The Best Vegan Lemon Pound Cake Recipe: Better than the Original

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Do I even need to say more about this pound cake?? I mean, just look at this photo…

Close up oblique view of slices of vegan lemon pound cake on a white plate.

I can’t even. So buttery/sugary/lemony/delicious. All in one bite (and every bite).

This cake is for Easter. Everything about it screams “spring!” from the lemon in the cake to the lemon glaze on top to the lemon flowers (definitely not necessary). I don’t know what our plans are for Easter this year, but I do know it involves this vegan pound cake.

An entire vegan lemon pound cake with a lemon glaze on rustic wooden table top.

This pound cake took me all week. I tried and tried and tried again until I had the perfect vegan pound cake to give you. And here it is! There are a few things going on with this amazing cake. They’re all really simple and you most likely have everything you need to make it in your pantry right now… but stuffs going on.

The first thing? Flour. Let’s talk about flour.

Close up of vegan lemon pound cake with glazing. Two slice have been trimmed off.

Let’s just get this out on the table here… not all flours are created equal. If you want to get really high-quality baked goods, you have to start with high-quality ingredients. I always bake with unbleached, unenriched, organic flour because that’s what I’ve found gives me the best results.

Bob’s Red Mill Organic Unbleached White All-Purpose Flour available on Amazon

One of my go-to flours is Bob’s Red Mill all-purpose flour. It does an amazing job with anything from crusty breads to buttery cakes, like this one. Or, you can even grind your own flour at home using a grain mill.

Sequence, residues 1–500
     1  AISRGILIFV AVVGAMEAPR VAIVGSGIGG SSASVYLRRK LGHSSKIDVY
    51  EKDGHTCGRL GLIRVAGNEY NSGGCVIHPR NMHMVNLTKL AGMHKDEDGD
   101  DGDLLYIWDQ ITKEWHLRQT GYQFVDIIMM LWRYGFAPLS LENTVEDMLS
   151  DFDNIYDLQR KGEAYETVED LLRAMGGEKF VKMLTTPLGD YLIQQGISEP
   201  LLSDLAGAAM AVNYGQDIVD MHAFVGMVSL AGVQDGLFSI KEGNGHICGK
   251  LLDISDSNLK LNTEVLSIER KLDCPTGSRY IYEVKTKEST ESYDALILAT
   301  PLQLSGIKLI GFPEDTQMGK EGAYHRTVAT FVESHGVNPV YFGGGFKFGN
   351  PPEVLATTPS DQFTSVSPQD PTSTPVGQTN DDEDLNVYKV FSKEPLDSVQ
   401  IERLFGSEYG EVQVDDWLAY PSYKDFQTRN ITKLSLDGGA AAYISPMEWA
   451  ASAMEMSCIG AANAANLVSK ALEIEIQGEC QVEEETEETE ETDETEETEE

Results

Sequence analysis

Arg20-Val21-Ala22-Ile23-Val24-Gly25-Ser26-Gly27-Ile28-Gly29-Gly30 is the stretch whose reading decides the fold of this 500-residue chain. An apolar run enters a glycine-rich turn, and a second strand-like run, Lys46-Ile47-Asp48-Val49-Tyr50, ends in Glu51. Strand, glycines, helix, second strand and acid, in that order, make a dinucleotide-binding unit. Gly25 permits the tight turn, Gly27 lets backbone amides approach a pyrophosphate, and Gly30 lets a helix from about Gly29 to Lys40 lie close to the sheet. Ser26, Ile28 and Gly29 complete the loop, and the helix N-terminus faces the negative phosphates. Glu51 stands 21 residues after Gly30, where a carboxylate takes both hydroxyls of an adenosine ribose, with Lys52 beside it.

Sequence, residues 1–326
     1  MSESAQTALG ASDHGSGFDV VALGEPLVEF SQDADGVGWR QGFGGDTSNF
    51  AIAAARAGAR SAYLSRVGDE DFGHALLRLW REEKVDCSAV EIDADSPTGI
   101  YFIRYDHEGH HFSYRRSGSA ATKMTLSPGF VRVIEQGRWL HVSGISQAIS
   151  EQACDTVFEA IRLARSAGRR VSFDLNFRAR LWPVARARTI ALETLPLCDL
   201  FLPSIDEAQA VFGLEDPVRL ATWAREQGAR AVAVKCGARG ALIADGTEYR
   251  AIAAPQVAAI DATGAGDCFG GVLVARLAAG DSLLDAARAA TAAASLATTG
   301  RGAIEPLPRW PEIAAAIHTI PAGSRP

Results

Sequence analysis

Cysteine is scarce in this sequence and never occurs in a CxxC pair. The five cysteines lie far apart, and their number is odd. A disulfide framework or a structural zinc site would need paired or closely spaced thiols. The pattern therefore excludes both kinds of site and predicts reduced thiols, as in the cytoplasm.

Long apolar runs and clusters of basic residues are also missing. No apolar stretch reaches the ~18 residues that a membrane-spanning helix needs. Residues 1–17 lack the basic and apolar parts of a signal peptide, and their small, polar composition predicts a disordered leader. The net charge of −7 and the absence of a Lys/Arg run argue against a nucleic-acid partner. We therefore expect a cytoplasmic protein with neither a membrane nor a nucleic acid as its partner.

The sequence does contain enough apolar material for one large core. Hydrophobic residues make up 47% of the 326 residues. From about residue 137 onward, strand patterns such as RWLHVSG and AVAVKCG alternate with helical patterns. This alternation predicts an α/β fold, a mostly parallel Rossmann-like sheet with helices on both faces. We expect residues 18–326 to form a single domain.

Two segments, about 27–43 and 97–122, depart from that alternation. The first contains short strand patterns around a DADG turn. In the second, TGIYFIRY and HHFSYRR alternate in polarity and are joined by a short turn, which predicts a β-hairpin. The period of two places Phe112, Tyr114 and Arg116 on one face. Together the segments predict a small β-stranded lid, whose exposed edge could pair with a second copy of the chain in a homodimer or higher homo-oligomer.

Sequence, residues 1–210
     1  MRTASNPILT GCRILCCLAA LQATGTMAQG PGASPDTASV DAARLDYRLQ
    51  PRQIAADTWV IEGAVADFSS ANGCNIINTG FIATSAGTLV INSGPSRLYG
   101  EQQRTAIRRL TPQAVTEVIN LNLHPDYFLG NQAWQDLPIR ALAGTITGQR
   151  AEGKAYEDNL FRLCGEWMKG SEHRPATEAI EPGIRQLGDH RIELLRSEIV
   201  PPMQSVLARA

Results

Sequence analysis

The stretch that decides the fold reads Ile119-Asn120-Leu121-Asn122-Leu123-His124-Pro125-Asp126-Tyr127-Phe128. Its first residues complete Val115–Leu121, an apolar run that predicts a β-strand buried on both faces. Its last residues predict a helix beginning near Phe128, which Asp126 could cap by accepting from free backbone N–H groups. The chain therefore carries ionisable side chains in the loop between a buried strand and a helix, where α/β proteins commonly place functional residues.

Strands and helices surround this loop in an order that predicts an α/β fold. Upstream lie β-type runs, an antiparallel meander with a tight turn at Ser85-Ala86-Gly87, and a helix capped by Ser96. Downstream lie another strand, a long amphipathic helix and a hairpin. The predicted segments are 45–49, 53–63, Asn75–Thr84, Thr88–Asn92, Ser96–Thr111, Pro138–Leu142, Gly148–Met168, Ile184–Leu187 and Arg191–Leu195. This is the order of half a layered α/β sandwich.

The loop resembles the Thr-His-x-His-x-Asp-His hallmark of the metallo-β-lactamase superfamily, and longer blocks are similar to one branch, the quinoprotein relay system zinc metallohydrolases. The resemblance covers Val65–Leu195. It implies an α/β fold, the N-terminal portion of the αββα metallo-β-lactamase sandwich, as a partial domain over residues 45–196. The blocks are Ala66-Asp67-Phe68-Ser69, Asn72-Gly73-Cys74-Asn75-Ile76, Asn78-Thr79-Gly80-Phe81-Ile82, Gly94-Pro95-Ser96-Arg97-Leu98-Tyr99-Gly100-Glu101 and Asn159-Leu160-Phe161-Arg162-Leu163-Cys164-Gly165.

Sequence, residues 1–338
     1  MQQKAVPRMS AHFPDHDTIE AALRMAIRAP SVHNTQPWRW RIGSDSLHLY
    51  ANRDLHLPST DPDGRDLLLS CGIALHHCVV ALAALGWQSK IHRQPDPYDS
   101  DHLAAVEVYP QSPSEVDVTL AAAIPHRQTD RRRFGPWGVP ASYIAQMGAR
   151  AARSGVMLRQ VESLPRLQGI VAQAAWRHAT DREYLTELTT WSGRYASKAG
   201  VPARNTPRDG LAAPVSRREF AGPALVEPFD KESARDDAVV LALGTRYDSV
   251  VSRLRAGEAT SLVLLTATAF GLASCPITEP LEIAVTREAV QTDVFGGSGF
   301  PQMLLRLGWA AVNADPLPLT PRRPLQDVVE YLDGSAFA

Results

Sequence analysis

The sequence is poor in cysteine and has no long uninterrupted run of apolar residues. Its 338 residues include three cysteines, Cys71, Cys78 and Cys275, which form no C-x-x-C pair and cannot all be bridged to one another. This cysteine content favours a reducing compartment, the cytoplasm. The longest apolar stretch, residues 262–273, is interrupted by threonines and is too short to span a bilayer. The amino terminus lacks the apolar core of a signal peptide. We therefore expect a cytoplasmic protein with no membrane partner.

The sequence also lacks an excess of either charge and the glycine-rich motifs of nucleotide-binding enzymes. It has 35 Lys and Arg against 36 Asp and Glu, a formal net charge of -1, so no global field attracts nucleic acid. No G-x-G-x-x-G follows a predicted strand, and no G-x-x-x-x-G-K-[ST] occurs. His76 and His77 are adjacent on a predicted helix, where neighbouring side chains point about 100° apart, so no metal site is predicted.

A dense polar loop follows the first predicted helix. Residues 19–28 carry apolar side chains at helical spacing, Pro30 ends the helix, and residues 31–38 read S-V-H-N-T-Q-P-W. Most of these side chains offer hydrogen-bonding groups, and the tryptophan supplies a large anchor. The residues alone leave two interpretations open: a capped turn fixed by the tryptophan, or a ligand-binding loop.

A bag of Bob's Red Mill Organic All-Purpose Flour sitting on a rustic wooden surface.

Second, aquafaba. I know you’re either 1) looking at the screen super weird and about to close the window (BUT WAIT!) or 2) nodding your head thinking, “yes, yes… aquafaba…” For all you skeptics out there, I just have one thing to say: I totally get it and I am right there with you.

A stand mixer being used to blend the ingredients of the vegan lemon pound cake.

Aquafaba is the liquid on top of a can of chickpeas/garbanzo beans. There’s something about it that behaves remarkably similarly to eggs in baking and stove top cooking. A case in point, meringue cookies. Heck, you can even make mayo with the stuff.

It doesn’t leave any bean-y taste behind, or else I wouldn’t use it.

A human hand dribbles glaze with a wooden spoon over the top of a vegan lemon pound cake.

I tried making this cake with just flax seed but it didn’t rise quite as high and the texture wasn’t as good. It still worked, but it was about 85% of the way there. If you are weirded out by the aquafaba and/or don’t have a can of beans on hand, feel free to give it a shot using flax seeds.

Next up is this glaze. Super simple and definitely key. I didn’t glaze the first few cakes I made because I was mostly concerned about the texture of the cake, not the glaze. But once I got the texture right and added a glaze to this one I realized what I was missing out on the last ones.

Close up of the corner of glazed lemon pound cake showing details of the frosting dribbling over the edges.

Glaze your cake! Do not skip this step – it totally completes it.